Title: Structured feature selection in high dimension for precision medicine
Abstract: Differences in disease predisposition or response to treatment can be explained in great part by genomic differences between individuals. This realization has given birth to precision medicine, where treatment is tailored to the genome of patients. This field depends on collecting considerable amounts of molecular data for large numbers of individuals, which is being enabled by thriving developments in genome sequencing and other high-throughput experimental technologies. Unfortunately, we still lack effective methods to reliably detect, from this data, which of the genomic features determine a phenotype such as disease predisposition or response to treatment. One of the major issues is that the number of features that can be measured is large (easily reaching tens of millions) with respect to the number of samples for which they can be collected (more usually of the order of hundreds or thousands), posing both computational and statistical difficulties. In my talk I will discuss several ways to use constraints on the feature selection procedure to address this problem.

Pauline Tan (ONERA \& CMLA - ENS Paris Saclay)
9 Novembre 2017, 14h-15h, room 314.
Title: Alternating proximal gradient descent for nonconvex regularised problems with biconvex and multiconvex coupling terms
Abstract: There has been an increasing interest in constrained nonconvex regularized block biconvex / multiconvex optimization problems. We introduce an approach that effectively exploits the biconvex / multiconvex structure of the coupling term and enables complex application-dependent regularization terms to be used.The proposed ASAP algorithm enjoys simple well defined updates. Global convergence of the algorithm to a critical point is proved using the so-called Kurdyka-Lojasiewicz property for subanalytic functions. Moreover, we prove that a large class of useful objective functions obeying our assumptions are subanalytic and thus satisfy the Kurdyka-Lojasiewicz property. I will also present two particular applications of the algorithm to big-data air-born sequences of images, which are already used by our industrial partner ONERA. This is a joint work with Mila Nikolova (CMLA, CNRS, ENS Paris-Saclay).

Emilie Kaufmann (CNRS, INRIA Lille, Université de Lille)
9 Novembre 2017, 15h-16h, room 314.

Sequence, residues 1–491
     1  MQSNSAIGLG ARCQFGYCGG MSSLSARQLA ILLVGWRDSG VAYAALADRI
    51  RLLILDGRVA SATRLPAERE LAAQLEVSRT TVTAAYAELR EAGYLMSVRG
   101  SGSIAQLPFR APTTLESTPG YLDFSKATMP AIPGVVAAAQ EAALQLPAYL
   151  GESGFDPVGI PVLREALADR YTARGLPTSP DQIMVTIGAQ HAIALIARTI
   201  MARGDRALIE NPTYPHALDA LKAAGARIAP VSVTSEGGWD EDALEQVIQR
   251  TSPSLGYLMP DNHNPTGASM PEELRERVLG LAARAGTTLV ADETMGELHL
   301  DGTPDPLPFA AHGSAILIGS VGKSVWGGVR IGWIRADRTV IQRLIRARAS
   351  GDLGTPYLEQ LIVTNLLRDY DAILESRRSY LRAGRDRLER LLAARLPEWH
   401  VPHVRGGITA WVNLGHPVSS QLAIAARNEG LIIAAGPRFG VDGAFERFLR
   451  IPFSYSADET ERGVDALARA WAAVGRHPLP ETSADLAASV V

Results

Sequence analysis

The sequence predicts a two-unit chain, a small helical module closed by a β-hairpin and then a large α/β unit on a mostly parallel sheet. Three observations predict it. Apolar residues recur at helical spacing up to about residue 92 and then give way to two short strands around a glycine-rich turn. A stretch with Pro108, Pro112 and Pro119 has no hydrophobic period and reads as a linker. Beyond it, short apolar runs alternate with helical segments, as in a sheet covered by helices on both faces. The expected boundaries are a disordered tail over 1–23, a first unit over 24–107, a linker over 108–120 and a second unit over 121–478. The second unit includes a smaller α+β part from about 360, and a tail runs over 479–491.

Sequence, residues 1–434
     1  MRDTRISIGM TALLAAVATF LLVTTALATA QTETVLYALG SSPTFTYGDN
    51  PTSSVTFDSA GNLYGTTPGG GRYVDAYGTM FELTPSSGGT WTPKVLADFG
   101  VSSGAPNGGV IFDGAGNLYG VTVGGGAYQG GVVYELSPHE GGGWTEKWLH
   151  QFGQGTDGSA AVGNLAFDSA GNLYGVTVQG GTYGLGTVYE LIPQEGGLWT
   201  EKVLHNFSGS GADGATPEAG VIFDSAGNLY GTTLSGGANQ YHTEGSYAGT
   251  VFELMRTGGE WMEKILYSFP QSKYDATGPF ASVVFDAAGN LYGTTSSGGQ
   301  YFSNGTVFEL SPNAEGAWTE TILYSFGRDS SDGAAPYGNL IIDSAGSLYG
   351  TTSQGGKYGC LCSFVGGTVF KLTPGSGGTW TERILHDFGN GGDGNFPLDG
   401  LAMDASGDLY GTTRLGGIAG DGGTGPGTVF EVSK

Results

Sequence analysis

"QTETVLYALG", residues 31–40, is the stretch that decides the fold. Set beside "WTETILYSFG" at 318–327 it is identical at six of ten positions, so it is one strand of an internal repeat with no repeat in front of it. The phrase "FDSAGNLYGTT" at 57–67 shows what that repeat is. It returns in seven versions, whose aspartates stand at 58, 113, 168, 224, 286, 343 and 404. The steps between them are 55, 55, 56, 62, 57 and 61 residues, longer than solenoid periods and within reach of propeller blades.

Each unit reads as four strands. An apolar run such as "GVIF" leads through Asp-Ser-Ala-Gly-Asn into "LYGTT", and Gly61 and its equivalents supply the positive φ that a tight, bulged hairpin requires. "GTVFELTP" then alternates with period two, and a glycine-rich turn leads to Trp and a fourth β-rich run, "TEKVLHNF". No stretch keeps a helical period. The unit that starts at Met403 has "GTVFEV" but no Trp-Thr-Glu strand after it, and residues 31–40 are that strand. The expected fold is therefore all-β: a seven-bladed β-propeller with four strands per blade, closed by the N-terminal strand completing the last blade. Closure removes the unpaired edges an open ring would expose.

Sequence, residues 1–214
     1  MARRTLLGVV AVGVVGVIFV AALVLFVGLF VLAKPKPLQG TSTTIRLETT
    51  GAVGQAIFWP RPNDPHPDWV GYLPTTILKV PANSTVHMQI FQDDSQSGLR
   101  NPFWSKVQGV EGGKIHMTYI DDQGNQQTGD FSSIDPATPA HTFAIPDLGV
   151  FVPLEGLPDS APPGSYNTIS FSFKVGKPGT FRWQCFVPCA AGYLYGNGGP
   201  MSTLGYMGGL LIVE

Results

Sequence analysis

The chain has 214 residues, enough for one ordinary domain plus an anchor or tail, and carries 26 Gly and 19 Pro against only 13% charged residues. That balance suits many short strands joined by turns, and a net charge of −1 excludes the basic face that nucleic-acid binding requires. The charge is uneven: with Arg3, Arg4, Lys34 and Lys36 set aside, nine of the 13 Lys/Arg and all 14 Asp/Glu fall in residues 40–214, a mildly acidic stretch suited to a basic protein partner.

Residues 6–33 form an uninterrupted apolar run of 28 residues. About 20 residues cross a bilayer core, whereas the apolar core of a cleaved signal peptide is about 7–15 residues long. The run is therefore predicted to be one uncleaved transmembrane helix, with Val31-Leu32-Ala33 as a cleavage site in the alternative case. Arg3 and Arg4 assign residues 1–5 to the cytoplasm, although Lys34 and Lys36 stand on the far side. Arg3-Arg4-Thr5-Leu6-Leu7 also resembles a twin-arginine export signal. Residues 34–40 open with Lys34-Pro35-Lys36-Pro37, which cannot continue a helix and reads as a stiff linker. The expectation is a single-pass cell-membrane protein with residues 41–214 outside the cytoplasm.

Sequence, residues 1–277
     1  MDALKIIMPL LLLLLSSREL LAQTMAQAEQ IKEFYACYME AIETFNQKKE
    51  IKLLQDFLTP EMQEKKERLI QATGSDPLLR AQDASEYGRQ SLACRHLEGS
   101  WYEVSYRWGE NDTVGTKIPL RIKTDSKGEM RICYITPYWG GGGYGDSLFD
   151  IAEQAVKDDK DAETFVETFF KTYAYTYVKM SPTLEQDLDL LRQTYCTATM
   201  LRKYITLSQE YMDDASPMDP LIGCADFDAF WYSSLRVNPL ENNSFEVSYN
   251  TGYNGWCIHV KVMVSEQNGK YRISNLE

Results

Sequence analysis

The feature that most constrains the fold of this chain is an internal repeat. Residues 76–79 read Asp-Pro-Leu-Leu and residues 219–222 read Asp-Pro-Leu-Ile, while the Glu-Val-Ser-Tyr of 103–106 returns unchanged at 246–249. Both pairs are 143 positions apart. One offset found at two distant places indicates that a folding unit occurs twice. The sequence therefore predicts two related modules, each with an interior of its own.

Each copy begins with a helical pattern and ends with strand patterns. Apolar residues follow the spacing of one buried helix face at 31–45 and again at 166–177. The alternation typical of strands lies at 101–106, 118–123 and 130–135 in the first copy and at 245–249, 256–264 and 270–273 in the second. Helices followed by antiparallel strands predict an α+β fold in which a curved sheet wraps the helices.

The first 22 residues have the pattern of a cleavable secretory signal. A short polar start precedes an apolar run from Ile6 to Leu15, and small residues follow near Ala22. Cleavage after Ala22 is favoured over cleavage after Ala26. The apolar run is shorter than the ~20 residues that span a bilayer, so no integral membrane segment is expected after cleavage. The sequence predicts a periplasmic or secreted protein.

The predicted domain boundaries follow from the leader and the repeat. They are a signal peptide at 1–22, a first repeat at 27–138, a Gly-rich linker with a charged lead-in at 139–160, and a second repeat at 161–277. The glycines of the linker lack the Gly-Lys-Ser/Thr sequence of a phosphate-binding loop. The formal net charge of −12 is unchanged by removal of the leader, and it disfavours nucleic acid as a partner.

Title: A tutorial on Multi-Armed Bandit problems, Theory and Practice
Abstract: A Multi-Armed Bandit (MAB) model is a simple framework in which an agent sequentially sample arms, that are unknown probability distributions, in order to learn something about these underlying distributions, possibly under the constraint of maximizing some notion of reward. Stochastic MABs have been introduced in the 1930s as a simple model for clinical trials, and are widely studied nowadays for several applications, that range from sequential content optimization, cognitive radios or the design of AI for games. In this introduction to MAB, we will review existing (efficient) algorithms to either achieve an exploration/exploitation trade-off or to optimally explore a simple, i.i.d., stochastic environment. We will then see how these algorithms can be extended to deal with more realistic applications.

François Malgouyres (MIP - Université Paul Sabatier, Toulouse)
5 Octobre 2017, 14h-15h, room 314.
Title: Stable recovery of the factors from a deep matrix product and application to convolutional network
Abstract: We study a deep matrix factorization problem. It takes as input a matrix \(X\) obtained by multiplying \(K\) matrices (called factors). Each factor is obtained by applying a fixed linear operator to a short vector of parameters satisfying a model (for instance sparsity, grouped sparsity, non-negativity, constraints defining a convolution network... ). We call the problem deep or multi-layer because the number of factors is not limited. In the practical situations we have in mind, we can typically have \(K=10\) or \(100\). This work aims at identifying conditions on the structure of the model that guarantees the stable recovery of the factors from the knowledge of \(X\) and the model for the factors. We provide necessary and sufficient conditions for the identifiability of the factors (up to a scale rearrangement). We also provide a necessary and sufficient condition called Deep Null-Space-Property (because of the analogy with the usual Null Space Property in the compressed sensing framework) which guarantees that even an inaccurate optimization algorithm for the factorization stably recovers the factors. We illustrate the theory with a practical example where the deep factorization is a linear convolutional network.